Now we will add your LibraryName property to our Designer. Click the ”Field” dropdown and select the “LibraryName” property from the available options. Change the “Label” and “Instructions text” to whatever you’d like:

Before clicking “Next” make sure to click the “Add” button first. Your property will now be added to the Properties dialog section.

Click “Next” and your Designer will be created for you. Since we used Thunder we don’t have to do anything else.


Adding the Image Library Code to your MVC Widget

Open up the Carousel Controller that we created earlier and adjust your existing code to the following:

/// <summary>
/// This is the default Action.
/// </summary>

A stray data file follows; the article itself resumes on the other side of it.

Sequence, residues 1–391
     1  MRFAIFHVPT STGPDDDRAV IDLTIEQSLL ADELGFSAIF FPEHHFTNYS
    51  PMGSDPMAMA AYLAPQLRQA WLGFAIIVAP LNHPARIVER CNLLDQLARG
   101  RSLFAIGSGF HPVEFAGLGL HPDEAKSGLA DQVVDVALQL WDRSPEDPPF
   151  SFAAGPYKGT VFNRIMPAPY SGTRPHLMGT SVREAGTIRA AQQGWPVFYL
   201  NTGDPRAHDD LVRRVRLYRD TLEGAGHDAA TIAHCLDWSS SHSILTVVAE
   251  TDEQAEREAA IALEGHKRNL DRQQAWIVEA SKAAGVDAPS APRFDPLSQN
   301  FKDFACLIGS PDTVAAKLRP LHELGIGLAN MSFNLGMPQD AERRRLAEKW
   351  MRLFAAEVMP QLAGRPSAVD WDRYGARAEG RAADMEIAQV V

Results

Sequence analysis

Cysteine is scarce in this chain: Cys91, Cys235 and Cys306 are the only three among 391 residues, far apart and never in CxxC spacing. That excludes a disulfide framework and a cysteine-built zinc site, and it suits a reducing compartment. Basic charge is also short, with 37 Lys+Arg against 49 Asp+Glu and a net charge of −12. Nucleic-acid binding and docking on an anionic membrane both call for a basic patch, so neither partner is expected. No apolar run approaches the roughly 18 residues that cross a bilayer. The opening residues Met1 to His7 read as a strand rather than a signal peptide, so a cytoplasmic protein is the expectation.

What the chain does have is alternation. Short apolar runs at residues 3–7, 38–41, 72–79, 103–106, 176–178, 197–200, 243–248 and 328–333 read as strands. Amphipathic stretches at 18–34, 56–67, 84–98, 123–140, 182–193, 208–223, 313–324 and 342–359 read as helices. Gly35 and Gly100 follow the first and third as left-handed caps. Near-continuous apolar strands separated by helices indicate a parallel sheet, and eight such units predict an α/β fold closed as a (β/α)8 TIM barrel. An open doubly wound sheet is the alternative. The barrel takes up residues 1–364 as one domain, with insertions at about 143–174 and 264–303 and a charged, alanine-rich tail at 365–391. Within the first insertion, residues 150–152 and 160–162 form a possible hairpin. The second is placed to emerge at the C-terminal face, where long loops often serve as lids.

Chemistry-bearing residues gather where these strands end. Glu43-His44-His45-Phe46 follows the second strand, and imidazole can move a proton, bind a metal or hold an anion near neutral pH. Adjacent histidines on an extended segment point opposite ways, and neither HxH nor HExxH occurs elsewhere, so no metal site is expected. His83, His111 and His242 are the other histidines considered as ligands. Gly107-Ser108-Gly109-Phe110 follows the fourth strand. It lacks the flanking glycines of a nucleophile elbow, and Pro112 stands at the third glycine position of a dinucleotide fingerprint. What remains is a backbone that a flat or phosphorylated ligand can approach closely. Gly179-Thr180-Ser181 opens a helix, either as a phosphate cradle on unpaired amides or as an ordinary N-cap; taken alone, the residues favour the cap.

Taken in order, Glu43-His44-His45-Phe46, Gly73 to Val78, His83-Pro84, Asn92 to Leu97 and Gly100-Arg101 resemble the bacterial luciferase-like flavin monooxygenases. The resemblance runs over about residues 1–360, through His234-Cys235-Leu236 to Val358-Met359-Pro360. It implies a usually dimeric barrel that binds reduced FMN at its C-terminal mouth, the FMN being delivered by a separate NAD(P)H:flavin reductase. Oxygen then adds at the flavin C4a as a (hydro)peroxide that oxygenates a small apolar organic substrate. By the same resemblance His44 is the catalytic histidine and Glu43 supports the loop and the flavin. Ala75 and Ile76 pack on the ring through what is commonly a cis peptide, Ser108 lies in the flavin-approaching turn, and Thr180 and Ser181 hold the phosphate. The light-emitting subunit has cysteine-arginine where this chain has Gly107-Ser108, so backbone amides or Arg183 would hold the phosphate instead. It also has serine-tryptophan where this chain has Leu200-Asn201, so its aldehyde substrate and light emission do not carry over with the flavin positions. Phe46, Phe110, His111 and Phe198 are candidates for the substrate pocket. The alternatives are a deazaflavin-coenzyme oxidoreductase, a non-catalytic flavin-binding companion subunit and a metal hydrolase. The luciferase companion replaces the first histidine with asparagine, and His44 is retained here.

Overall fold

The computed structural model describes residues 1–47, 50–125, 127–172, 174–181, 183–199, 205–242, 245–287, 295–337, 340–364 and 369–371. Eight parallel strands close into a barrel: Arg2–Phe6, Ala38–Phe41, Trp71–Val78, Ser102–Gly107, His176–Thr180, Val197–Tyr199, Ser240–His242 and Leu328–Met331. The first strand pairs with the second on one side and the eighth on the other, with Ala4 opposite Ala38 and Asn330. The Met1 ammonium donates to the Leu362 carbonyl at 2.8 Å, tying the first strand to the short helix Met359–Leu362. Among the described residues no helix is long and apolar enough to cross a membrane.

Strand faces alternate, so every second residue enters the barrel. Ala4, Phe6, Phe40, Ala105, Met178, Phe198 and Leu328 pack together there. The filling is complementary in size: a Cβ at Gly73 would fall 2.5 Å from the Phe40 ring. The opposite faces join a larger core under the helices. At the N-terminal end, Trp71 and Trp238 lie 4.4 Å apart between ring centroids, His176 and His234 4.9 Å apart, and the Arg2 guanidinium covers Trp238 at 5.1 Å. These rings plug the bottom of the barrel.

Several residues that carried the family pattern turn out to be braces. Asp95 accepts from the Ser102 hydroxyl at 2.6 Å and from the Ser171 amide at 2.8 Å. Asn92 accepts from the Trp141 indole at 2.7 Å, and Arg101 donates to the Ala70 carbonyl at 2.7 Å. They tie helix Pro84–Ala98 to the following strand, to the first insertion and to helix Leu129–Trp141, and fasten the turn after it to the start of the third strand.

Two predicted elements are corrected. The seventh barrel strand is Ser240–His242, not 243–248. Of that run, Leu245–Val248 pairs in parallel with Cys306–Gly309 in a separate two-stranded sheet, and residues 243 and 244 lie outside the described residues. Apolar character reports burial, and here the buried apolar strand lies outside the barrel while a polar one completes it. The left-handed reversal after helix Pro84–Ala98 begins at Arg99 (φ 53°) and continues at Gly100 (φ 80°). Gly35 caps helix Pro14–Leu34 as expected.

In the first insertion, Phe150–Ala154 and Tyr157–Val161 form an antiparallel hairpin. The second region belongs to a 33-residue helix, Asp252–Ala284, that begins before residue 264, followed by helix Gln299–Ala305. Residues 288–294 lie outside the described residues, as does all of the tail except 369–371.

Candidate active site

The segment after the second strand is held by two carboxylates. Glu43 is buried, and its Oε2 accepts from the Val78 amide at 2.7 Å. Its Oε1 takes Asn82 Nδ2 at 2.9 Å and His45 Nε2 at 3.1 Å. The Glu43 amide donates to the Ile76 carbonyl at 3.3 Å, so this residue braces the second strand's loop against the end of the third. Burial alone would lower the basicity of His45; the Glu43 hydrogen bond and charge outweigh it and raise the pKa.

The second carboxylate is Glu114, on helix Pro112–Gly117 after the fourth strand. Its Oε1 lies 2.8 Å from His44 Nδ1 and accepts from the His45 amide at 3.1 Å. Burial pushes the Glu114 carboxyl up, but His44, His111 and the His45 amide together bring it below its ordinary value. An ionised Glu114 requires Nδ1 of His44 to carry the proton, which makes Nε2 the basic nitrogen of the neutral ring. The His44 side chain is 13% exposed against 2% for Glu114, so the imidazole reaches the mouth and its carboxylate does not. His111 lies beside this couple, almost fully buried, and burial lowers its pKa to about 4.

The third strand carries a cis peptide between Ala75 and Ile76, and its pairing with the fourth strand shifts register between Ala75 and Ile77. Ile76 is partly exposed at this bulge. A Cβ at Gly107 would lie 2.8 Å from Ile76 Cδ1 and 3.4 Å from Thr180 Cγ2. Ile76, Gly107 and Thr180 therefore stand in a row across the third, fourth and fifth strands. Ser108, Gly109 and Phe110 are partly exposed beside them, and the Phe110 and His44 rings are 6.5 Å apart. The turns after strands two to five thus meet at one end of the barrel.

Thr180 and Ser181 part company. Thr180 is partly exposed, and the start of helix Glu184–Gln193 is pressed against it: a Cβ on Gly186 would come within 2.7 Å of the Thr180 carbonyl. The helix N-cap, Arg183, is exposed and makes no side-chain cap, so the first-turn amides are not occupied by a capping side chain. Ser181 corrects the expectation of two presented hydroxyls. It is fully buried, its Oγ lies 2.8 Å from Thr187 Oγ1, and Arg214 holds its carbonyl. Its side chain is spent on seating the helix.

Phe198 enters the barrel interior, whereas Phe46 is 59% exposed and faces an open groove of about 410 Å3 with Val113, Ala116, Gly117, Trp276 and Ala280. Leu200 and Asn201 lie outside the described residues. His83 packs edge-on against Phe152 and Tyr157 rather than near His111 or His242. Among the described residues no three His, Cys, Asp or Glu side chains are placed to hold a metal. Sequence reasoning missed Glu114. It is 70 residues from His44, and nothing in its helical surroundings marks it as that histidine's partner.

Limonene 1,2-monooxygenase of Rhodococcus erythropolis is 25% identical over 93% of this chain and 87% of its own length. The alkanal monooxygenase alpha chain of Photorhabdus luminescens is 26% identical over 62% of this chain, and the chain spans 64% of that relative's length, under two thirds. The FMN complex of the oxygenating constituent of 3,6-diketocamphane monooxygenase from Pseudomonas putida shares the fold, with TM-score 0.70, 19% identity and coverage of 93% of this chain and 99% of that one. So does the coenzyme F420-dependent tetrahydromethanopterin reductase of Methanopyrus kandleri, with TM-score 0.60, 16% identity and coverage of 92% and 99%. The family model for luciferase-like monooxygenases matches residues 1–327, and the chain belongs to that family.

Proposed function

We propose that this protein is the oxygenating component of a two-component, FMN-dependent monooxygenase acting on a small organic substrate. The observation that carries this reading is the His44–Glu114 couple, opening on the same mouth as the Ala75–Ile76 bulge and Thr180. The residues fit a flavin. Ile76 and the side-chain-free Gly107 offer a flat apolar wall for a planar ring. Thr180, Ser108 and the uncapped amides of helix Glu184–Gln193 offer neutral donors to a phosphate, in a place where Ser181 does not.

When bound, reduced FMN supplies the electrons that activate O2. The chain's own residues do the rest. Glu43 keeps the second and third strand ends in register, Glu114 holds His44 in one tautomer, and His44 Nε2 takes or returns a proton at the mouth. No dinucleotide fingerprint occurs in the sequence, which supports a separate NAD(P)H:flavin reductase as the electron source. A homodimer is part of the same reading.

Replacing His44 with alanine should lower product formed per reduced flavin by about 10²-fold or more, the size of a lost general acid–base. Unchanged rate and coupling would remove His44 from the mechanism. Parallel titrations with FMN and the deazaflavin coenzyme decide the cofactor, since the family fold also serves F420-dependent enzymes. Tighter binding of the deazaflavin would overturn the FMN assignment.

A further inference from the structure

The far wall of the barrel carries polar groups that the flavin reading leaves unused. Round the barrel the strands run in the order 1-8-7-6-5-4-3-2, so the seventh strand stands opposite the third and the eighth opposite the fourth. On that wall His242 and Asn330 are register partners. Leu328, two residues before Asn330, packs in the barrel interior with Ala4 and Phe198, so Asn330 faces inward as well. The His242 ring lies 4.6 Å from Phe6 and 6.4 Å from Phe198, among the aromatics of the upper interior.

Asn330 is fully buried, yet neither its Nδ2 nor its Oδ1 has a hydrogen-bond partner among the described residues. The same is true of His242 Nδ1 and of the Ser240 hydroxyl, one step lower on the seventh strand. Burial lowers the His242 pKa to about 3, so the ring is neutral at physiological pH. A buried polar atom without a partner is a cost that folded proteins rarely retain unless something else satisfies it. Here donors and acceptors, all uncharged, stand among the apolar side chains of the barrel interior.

public ActionResult Index()
    var items = GetImagesByAlbumFluentAPI(this.LibraryName);
    var model = new CarouselWidgetModel(items);
    if (string.IsNullOrEmpty(this.LibraryName))
        model.LibraryName = "No Library Name set in Designer";
    return View("Default", model);
/// <summary>
/// Gets all images in a library with a status of live
/// </summary>
/// <returns></returns>
private static IQueryable<Image> GetImagesByAlbumFluentAPI(string libraryName)
    return App.WorkWith().Images().Where(a => a.Parent.Title == libraryName && a.Status == ContentLifecycleStatus.Live).Get();

Add the following using statements:

  • using Telerik.Sitefinity.Libraries.Model;
  • using Telerik.Sitefinity;
  • using Telerik.Sitefinity.GenericContent.Model;

Open up the Carousel Model and adjust your existing code to the following:

public CarouselWidgetModel(IQueryable<Image> imageItems)
    this.ImageItems = imageItems;
/// <summary>
/// Gets or sets the Library Name for the carousel.
/// </summary>
public string LibraryName { get; set; }
public IQueryable<Image> ImageItems
    private set;

Add the following using statement:

  • using Telerik.Sitefinity.Libraries.Model;